Sacramento Sacramento opened its expanded convention center in April. The $80 million project tripled the facility's size to 384,359 square feet. It now has 136,945 square feet of ground floor exhibit space, a new 24,500-square-foot ballroom, a performing arts theater, and 31 meeting rooms.
San Diego In October, ground was broken for the expansion of the San Diego Convention Center. The project, to be completed by fall 1998, will add 302,000 square feet of exhibit space and 100,000 square feet of meeting space, including a 40,168-square-foot ballroom.
San Francisco A study released this summer recommends adding 300,000 square feet of convention space, close to either the 1.2 million-square-foot Moscone Center or to the Union Square area convention hotels, to complement what exists at the Moscone Center. The project should be completed in 2000.
The South San Francisco Conference Center, one mile north of the airport, has over 16,500 square feet of column-free meeting, banquet, and exhibit space. There are more than 2,000 hotel rooms nearby.
HOTEL NEWS Los Angeles * The Beverly Hills Hotel reopened in June after a two-and-a-half-year, $100 million renovation that reduced the hotel's room count from 253 to 194 while upgrading the entire property. The hotel was built in 1912 and is known as the Pink Palace.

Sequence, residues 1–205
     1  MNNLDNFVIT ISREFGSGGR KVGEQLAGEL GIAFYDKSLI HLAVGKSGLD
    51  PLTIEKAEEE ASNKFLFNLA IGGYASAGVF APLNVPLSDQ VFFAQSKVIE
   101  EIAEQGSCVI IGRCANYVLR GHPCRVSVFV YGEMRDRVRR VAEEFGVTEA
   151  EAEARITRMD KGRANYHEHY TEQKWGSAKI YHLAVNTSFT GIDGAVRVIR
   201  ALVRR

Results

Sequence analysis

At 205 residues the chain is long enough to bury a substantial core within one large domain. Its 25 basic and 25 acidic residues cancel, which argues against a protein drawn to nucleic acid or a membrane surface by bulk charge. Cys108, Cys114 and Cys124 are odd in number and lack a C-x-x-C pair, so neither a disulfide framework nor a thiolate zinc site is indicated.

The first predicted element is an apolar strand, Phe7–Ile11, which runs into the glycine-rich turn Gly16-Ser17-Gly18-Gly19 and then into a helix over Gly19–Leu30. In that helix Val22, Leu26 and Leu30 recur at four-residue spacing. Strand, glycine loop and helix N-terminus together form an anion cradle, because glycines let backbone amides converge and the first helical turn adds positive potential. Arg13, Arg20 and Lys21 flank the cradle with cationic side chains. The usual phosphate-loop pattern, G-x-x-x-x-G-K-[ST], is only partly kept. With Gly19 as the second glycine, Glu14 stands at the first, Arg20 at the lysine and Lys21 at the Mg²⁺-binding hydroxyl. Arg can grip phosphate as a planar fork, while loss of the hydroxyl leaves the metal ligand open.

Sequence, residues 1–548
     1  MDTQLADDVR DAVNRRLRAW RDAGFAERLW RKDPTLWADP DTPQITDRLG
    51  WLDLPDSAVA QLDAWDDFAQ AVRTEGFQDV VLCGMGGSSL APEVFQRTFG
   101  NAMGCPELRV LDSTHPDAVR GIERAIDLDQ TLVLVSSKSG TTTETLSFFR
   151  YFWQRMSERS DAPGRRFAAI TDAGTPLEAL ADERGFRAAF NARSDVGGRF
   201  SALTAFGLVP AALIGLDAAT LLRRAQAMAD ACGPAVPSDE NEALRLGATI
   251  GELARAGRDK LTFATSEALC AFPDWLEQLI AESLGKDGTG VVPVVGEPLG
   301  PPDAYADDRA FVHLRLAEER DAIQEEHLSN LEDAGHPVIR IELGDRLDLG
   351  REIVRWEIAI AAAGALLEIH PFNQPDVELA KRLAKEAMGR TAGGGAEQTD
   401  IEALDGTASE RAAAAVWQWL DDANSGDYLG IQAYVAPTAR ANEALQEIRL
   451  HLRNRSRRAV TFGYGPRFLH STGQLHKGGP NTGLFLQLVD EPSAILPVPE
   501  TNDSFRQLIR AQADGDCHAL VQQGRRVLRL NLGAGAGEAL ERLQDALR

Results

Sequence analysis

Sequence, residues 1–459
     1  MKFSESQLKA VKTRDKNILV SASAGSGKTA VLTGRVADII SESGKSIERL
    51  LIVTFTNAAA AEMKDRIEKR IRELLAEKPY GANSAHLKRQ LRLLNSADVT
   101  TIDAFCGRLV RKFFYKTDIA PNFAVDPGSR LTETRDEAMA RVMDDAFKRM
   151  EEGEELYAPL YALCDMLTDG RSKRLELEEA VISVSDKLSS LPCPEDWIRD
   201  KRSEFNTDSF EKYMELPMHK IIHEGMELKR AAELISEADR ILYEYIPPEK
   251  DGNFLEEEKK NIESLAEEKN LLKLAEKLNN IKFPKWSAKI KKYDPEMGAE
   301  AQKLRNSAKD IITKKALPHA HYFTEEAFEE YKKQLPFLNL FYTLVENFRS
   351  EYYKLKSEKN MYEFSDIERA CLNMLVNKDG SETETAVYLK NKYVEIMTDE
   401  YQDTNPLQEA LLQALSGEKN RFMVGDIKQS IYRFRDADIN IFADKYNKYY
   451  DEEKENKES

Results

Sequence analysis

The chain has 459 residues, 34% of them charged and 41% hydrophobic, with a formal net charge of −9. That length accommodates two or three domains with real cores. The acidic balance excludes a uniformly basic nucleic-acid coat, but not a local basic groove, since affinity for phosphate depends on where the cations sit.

Palm Springs * The Givenchy Hotel & Spa opened on a 15-acre site in Palm Springs in December. The resort has 98 guest rooms and offers a full spa program, like that of the original Givenchy Spa in Versailles, France.
* The La Quinta Resort and Club is adding a 16,000-square-foot ballroom that will be ready in February. It will complement the property's existing 17,000-square-foot ballroom.
San Francisco * In June, The Hotel Monaco opened in a landmark 1910 American beaux arts building at the edge of the city's theater district. Conference facilities include seven meeting rooms and a ballroom, totaling 6,950 square feet.
* The Radisson Miyako Hotel San Francisco began an extensive redecoration of its 218 rooms and suites in November. Located in the heart of the city's Japantown, the hotel offers 13,000 square feet of meeting space, including 13 meeting rooms and two ballrooms, the largest of which is 4,600 square feet. The project, which will include new room doors and electronic card key system, will be completed in early February.
* The 90-year-old Westin St. Francis will complete its $30 million room renovation in the spring. A further $20 million is being spent to upgrade the hotel's exterior and back-of-the house facilities.
Santa Barbara * The Harbor View Inn has opened a new 52-room wing, bringing the property's total room count to 80.
TAX AND MONEY MATTERS In northern California, the sales tax for San Francisco, Oakland and San Jose is 8.25 percent, but hotel taxes differ. In San Francisco, the hotel tax is 12 percent; in Oakland, 11 percent; and in San Jose, ten percent. In southern California, the sales tax is 8.25 percent in Los Angeles and Long Beach, 7.75 percent in Orange County/Anaheim and Palm Springs, and 7 percent in San Diego. The hotel tax is 14 percent in Los Angeles, 12 percent in Long Beach, 15 percent in Orange County/Anaheim, ten percent in Palm Springs, and 10.5 percent in San Diego.